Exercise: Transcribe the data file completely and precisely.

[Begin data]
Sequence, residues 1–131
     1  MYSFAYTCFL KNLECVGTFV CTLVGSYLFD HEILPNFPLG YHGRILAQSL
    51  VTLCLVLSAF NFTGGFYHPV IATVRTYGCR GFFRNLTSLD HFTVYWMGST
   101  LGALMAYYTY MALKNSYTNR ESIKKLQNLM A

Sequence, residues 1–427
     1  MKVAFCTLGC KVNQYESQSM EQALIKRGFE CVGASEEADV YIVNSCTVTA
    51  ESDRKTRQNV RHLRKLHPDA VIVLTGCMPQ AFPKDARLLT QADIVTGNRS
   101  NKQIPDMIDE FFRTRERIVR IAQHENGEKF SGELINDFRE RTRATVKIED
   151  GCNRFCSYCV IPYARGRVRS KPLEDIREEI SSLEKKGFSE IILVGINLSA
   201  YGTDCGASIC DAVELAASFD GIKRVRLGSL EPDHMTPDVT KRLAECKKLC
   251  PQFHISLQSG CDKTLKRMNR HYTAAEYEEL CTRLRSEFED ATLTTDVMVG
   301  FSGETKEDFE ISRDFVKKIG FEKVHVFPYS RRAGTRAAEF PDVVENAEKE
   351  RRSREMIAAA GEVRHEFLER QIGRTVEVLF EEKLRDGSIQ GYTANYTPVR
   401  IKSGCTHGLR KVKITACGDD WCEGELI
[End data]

Sequence, residues 1–131
     1  MYSFAYTCFL KNLECVGTFV CTLVGSYLFD HEILPNFPLG YHGRILAQSL
    51  VTLCLVLSAF NFTGGFYHPV IATVRTYGCR GFFRNLTSLD HFTVYWMGST
   101  LGALMAYYTY MALKNSYTNR ESIKKLQNLM A

Sequence, residues 1–427
     1  MKVAFCTLGC KVNQYESQSM EQALIKRGFE CVGASEEADV YIVNSCTVTA
    51  ESDRKTRQNV RHLRKLHPDA VIVLTGCMPQ AFPKDARLLT QADIVTGNRS
   101  NKQIPDMIDE FFRTRERIVR IAQHENGEKF SGELINDFRE RTRATVKIED
   151  GCNRFCSYCV IPYARGRVRS KPLEDIREEI SSLEKKGFSE IILVGINLSA
   201  YGTDCGASIC DAVELAASFD GIKRVRLGSL EPDHMTPDVT KRLAECKKLC
   251  PQFHISLQSG CDKTLKRMNR HYTAAEYEEL CTRLRSEFED ATLTTDVMVG
   301  FSGETKEDFE ISRDFVKKIG FEKVHVFPYS RRAGTRAAEF PDVVENAEKE
   351  RRSREMIAAA GEVRHEFLER QIGRTVEVLF EEKLRDGSIQ GYTANYTPVR
   401  IKSGCTHGLR KVKITACGDD WCEGELI